The benefits of belonging to a religious community don’t have to be taken on faith. Numerous studies have linked participation in a congregation with good physical and mental health, as well as higher levels of subjective well-being.
But a new paper offers a rather large caveat to those findings.
“While fervent believers benefit from their involvement, those with weaker beliefs are actually less happy than those who do not ascribe to any religion,” a research team led by Daniel Mochon of the Yale School of Management reports in the journal Social Indicators Research. “As commitment wanes, religious involvement may become detrimental to well-being, and individuals may be better off seeking new affiliations.”
Mochon and his colleagues examined data taken from a survey of 6,465 people from all 50 states, a sample that offers “a good cross-section of the American population.” They noted each respondent’s age, gender, ethnicity, marital status, education level, household income and political and religious affiliation.
Based on their answers to a series of faith-related questions, participants were placed on a scale of 1 (least religious) to 7 (most). Their well-being was assessed from their responses to such questions as “How do you feel right now?” and “How satisfied are you with your life in general?”
They found that “[w]hile people who are highly religious seem to have the highest levels of subjective well-being, those with more moderate belief seem to suffer from their religious involvement.”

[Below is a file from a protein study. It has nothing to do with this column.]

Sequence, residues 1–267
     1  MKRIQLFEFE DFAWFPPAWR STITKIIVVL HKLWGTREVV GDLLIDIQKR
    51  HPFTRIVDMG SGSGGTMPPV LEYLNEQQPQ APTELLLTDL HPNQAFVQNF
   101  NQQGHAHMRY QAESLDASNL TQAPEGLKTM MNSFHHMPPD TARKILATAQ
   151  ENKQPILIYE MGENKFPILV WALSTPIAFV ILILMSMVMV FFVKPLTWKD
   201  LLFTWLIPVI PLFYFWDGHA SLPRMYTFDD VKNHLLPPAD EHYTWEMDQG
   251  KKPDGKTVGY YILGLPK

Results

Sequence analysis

Specifically, those at the top end of the religiosity scale “reported significantly higher well-being” than those at the bottom. But those in the middle were no happier than the nonreligious, and those with moderate to low levels of religious belief reported lower levels of well-being than atheists and agnostics.
“Those with temperate faith can be harmed by their affiliation, and may be even less happy than those who have chosen to forgo religious affiliation altogether,” the researchers report.
Why would this be? Evolutionary psychologist Nigel Barber, who was not involved with this study, arguably put his finger on it when he noted that religions, whatever their doctrinal differences, “promote the conviction that our existence is purposeful and our lives worthwhile.” This positive outlook “carries a substantial health premium,” he notes.
But if one is regularly hearing about this sense of purpose but doubting its veracity, it’s easy to see how any immune system-boosting benefits could be negated. Under such circumstances, it might be less stressful to simply abandon the shaky belief or find another that is a more comfortable fit.
These findings are particularly interesting in the light of newly released data finding that while overall church affiliation in the U.S. continues to decline, membership in Pentecostal churches, which emphasize enthusiastic belief, is rising. That fervor, it appears, stimulates the here-and-now benefits of belonging to a religion.
The bottom line for churchgoers: If your faith is strong and you take comfort in being part of a community of like-minded people, you’re probably doing yourself some good. On the other hand, if you’re standing in a large, drafty building listening to a message that doesn’t really resonate, it might be best to respectfully take your leave.